Chawalaleng: Ska band, Pilfers, rock Founders Hall
By biconews On 15 Feb, 2000 At 05:00 AM | Categorized As Archives | With 0 Comments

By Abe Scarr
Guest Writer

Early on in Haverford’s the Pilfers concert two Saturdays ago, it was clear that the audience was not going to leave the show unscathed.

“Simple sh_t” repeated vocalist Coolie Ranx, as he taught the audience the chorus to “Agua,” the opening track on Chawalaleng, the Pilfers’ latest album: “Agua! Deepa! Deepa! Simple sh_t.”

It was not the only lesson taught by Ranx, who entered the crowd at Founders Great Hall several times to give dancing tips to a crowd that, well, needed them.

Haverford’s own Blocking Consensus opened for the Pilfers, showing increasing range by experimenting with reggae in their new song “Under Pressure.”

They also delivered two classic ska songs as well as several of their originals, which their devoted and excited fans jubilantly got down to.

Their performance was, as always, accented by eclectic solos and jamming, reflecting the diverse musical traditions from which the members of the band come from.

Near the end of their set, vocalist Brady McCartney removed one shirt, revealing a Pilfers shirt underneath, and announced his transformation at that point of the show into a Pilfers fan. The crowd followed his lead.

After taking the stage, the Pilfers quickly began the set in their unique style, captured well on their independently released self-titled first album.

Their sound could generally be labeled as ska - however, the term does not accurately capture the range of their influences, which range from reggae and rocksteady rhythms provided by bassist Anna Milat-Meyer and drummer James Blanck, to guitarist Nick Bacon’s distorted rifts that hint of punk.

The sound is completed by the trombone of Vinny Nobile, who appeared on stage with a striped shirt and bushy eyebrows reminiscent of a great pilferer of pop culture, the Hamburgler [where to pilfer means to steal surreptitiously in small amounts].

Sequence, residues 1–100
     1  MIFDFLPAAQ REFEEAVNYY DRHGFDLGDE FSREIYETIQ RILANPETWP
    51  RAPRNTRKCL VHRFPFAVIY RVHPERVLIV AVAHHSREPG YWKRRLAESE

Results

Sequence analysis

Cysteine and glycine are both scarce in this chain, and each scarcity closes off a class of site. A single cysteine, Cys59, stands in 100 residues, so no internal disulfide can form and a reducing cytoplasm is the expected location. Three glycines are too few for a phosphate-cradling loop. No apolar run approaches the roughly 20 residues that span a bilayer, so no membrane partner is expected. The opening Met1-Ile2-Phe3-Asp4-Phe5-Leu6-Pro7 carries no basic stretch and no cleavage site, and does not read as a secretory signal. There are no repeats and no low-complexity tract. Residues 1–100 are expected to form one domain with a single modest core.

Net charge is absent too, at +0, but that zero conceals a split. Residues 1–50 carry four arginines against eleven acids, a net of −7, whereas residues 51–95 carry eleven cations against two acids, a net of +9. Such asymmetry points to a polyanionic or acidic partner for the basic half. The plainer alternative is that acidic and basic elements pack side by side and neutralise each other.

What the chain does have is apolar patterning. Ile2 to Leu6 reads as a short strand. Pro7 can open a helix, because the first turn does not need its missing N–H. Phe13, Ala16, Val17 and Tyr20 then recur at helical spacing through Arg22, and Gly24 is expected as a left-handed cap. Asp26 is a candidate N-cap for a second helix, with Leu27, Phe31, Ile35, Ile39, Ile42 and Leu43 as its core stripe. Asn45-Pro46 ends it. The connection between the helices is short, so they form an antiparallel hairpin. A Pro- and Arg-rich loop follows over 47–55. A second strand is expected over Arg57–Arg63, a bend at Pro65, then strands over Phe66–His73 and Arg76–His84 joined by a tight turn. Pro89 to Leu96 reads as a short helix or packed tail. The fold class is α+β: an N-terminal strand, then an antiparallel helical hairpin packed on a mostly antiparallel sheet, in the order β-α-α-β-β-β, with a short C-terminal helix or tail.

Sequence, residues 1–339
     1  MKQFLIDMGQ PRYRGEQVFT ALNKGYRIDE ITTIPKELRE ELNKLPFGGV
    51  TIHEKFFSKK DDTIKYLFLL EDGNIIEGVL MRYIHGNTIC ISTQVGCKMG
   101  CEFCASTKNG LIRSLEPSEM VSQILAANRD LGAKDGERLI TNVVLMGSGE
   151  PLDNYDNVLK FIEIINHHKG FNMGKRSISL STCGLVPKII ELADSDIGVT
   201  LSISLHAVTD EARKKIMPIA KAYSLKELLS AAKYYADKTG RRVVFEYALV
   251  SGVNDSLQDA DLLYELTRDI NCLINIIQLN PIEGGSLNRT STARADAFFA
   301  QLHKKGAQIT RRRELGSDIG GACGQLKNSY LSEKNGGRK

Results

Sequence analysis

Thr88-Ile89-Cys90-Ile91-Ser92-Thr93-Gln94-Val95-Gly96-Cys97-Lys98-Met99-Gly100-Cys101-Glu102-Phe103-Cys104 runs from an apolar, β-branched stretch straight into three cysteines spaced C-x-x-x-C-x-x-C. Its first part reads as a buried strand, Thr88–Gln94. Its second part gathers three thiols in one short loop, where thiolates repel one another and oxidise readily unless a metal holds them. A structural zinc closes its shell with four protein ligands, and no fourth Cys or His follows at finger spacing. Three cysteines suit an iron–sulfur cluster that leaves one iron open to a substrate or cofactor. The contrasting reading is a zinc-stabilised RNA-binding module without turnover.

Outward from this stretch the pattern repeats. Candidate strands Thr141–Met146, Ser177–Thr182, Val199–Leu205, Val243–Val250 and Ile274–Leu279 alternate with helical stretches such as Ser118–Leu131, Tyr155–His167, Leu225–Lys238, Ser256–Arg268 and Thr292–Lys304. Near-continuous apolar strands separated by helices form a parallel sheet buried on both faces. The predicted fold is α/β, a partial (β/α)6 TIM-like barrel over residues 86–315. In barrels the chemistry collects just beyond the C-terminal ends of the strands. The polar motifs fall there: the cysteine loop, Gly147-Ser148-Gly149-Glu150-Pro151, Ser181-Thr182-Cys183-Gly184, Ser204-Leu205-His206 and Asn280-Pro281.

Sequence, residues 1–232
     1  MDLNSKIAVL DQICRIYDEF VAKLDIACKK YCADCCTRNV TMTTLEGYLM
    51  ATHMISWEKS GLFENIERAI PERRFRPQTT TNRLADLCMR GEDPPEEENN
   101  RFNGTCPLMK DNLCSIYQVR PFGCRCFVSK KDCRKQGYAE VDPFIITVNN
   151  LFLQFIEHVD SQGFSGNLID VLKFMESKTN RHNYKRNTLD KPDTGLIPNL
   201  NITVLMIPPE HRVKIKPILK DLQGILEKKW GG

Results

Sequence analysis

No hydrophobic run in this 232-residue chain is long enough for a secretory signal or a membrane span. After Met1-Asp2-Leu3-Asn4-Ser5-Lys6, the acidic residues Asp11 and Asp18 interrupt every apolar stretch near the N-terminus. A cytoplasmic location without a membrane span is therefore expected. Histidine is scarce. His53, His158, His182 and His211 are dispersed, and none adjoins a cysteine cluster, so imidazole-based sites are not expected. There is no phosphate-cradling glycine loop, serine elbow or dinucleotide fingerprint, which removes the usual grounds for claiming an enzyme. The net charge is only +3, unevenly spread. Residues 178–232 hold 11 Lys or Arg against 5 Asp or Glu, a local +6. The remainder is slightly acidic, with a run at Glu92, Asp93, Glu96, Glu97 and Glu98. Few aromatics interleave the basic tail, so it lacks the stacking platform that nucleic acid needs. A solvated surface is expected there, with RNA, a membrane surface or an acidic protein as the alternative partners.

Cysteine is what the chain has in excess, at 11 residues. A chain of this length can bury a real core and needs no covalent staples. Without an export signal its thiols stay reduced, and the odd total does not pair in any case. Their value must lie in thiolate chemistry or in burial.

If you’ve never seen a live ska trombonist, you’re missing out on good sounds and good visions.

Nigerian born lead vocalist Ranx is perhaps the most dynamic aspect of the performance. Always moving, both on and off offstage, he delivered his vocals with a smooth, deep voice and a hint of patois he picked up in Jamaica.

As always, he sold the group’s merchandise before and after the show, giving fans a chance to chat with him.

After the Pilfers ended their set, the crowd demanded an encore and was promptly given one.

It began with a slowed down reggae version of “Jolly Jolly Jolly” off their first album that changed tempo subtlety but effectively, and ended with “Roller Coaster,” off that album, as well.

Overall, it was a good (and free) chance to see an exciting band quickly building a large fan base on the East Coast that I expect will soon be gaining more exposure.

Based out of New York, the Pilfers play in Philadelphia from time to time, and should be back around to play in the city later this semester. Go and have a good time (simple sh_t).

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